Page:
“If you were on an island, and you had no mother-in-laws, no psychologists, no doctors around, no experts, this is what you would naturally and instinctively do to give your baby the best investment you’ll ever give.” – Dr. William Sears on Attachment Parenting
Your baby cries. You bend over and pick him up or offer him a soothing hand. His little hand wraps around your fingers and you both are smiling. Granted, not every interaction with your baby goes so smoothly, but you proved the attachment theory naturally: that it’s the response to the security & touch of a caregiver that is important to a baby.
Attachment Parenting, a phrase coined by Dr. William Sears, pediatrician and author, promotes a maternal figure providing crucial warmth, security, nourishment and love in the critical stages of infancy to help ensure a successful, well balanced child.
Attachment parenting promotes very close connection between the mom and her baby.
The four key elements that center around Attachment Parenting encourage what is instinctively given between a loving caregiver and baby. These items help to form a bond and strengthen that connection between the caregiver, usually the mother, and the newborn child.
- Responding to Crying – tending to needs when crying begins and not letting baby get distressed.
- Body Contact – Keeping baby physically close through holding it when feeding and wearing baby close to your body in a baby carrier or sling for as many hours as possible.
- Co-Sleeping – sharing the same bed/ same room with baby, using safety guidelines. The American Academy of Pediatrics urges against using the same bed, due to possibility of parents rolling over on their babies, but suggests sleeping in the same room- in a separate bed to help prevent SID.
- Feeding on demand– Feeding baby when he wants, even if he is snacking and not at the parents convenience. Attachment parenting encourages feeding a child past the stages of infancy.
Why is parental attachment necessary?
It is essential in healthy childhood development for a baby to make that maternal bond. If the attachment is broken during the baby’s critical stage, the result could be detrimental to that child and their future.
In a highly criticized experiment done by psychologist Harry Harlow in 1958, a group of baby Rhesus monkeys were taken from their mothers. Half were put in a cage with a cloth mother, while the other half were given a wire mother who had milk. It was the monkeys with the the cloth mother who were more secure and ran to the safety of their mother when feeling scared, not the milk provider. Further experiments proved that lack of close maternal connections resulted in emotional and social problems when they were introduced to other monkeys.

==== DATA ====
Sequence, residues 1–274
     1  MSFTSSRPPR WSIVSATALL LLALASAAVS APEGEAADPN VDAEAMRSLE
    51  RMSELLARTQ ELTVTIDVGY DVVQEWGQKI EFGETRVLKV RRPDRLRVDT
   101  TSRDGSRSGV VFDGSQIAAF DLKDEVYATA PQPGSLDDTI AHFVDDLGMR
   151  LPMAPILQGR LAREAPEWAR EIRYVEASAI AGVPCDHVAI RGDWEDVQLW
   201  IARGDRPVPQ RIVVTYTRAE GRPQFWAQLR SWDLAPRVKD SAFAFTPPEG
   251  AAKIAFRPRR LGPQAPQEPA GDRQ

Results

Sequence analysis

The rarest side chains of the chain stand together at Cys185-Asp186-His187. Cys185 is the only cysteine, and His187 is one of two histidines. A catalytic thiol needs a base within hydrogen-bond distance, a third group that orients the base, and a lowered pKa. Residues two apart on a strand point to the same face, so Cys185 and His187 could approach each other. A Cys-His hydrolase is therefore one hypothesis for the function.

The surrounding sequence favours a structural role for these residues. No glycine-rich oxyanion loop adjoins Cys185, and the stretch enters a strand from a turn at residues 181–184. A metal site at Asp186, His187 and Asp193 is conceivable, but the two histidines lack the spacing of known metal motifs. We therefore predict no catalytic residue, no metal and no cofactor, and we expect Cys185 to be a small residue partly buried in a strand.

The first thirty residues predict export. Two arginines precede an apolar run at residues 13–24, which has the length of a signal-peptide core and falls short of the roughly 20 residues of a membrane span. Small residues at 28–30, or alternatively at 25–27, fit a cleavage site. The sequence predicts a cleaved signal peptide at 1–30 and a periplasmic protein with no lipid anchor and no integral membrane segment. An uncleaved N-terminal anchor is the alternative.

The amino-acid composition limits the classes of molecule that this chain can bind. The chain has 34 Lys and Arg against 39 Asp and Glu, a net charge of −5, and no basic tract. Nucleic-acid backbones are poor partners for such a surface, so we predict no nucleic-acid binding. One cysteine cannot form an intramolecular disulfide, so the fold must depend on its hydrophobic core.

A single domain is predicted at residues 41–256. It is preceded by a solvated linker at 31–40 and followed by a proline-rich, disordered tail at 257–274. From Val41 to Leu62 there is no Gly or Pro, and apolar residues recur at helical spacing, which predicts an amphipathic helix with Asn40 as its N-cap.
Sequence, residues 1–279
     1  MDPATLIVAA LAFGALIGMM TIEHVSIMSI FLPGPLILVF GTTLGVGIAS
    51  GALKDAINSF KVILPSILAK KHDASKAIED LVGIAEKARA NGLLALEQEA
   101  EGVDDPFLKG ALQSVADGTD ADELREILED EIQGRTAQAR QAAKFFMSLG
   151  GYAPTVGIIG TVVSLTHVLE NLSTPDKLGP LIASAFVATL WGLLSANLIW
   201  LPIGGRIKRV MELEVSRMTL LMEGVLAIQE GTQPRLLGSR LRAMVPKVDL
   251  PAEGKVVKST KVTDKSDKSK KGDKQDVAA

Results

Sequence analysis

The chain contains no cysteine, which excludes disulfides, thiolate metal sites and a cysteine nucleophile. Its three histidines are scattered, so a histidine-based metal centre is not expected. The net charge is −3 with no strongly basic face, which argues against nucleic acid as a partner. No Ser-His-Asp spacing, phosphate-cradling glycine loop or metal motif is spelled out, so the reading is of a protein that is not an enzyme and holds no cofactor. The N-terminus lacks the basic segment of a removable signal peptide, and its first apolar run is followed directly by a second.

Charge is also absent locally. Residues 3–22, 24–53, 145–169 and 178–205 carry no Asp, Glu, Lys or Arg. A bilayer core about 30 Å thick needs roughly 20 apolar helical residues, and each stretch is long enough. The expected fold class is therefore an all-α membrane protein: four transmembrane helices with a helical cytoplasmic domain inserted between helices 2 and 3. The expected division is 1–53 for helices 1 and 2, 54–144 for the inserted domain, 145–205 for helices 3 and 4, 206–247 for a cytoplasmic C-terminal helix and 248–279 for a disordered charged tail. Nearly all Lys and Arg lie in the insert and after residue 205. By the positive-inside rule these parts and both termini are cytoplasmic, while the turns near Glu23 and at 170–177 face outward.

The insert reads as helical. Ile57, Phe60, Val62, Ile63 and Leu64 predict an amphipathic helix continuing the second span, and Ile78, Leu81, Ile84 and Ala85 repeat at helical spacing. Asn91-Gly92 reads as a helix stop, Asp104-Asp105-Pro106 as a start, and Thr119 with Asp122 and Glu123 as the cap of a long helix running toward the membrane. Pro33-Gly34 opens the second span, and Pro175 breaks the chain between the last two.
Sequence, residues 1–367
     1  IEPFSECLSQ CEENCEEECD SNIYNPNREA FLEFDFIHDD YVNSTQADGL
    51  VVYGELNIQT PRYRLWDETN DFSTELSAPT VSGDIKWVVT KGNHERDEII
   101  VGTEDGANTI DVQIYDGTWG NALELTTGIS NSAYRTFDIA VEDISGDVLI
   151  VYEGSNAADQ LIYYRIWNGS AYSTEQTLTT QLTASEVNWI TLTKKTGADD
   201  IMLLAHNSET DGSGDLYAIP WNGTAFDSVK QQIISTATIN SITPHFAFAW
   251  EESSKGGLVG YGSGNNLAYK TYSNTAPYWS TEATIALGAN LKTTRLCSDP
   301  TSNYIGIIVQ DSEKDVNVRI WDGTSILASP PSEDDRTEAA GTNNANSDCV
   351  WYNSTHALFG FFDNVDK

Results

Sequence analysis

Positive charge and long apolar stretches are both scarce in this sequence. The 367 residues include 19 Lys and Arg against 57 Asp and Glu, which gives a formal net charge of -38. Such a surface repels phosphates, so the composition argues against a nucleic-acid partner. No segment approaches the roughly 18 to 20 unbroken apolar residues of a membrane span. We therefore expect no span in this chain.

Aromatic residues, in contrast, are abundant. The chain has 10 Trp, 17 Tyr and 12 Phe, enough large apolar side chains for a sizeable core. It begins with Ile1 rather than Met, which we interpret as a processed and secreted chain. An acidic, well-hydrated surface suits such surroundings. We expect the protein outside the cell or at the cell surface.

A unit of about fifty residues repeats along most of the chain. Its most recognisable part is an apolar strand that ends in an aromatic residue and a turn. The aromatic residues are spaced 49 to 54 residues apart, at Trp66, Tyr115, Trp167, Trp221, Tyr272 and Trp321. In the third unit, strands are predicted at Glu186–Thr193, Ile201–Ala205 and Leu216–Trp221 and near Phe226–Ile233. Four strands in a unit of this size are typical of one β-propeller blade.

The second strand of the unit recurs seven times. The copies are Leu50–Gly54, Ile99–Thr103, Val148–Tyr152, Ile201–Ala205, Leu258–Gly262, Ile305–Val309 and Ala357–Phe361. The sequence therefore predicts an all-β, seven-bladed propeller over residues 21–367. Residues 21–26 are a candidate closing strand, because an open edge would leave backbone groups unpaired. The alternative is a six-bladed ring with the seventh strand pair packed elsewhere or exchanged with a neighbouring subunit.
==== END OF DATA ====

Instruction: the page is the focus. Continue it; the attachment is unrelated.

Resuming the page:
The good things about Attachment Parenting
Children reared using Attachment Parenting are healthier, have higher self-esteem and are more resilient under stress. The other positive side effects are:
- It makes you a better person. – Giving love and care to an infant is rewarded by smiles, giggles and love in return.
- It reinforces your parental instinct skills. – By paying close attention to your child, you begin to pick up on their non-verbal cues, like when they start sucking on their hand means they are hungry.
- It helps your children to be more trusting, confident & secure. – Providing a close, secure environment, your child learns that you have got their back. They will face their fears with you there by their side.
- Your child becomes better at learning to speak. – Being at your side, observing and listening to a parent speak, they are quicker to pick up on language and use it.
- It helps to make them smarter & independent. – When all of their needs are met, and they don’t need to stress over not being fed or having that wet diaper too long, they can focus their resources on exploring/observing their world.
- You and your child are more connected. – The child-parent connection grows strong with Attachment Parenting, and they can have a closer relationship growing up because of it.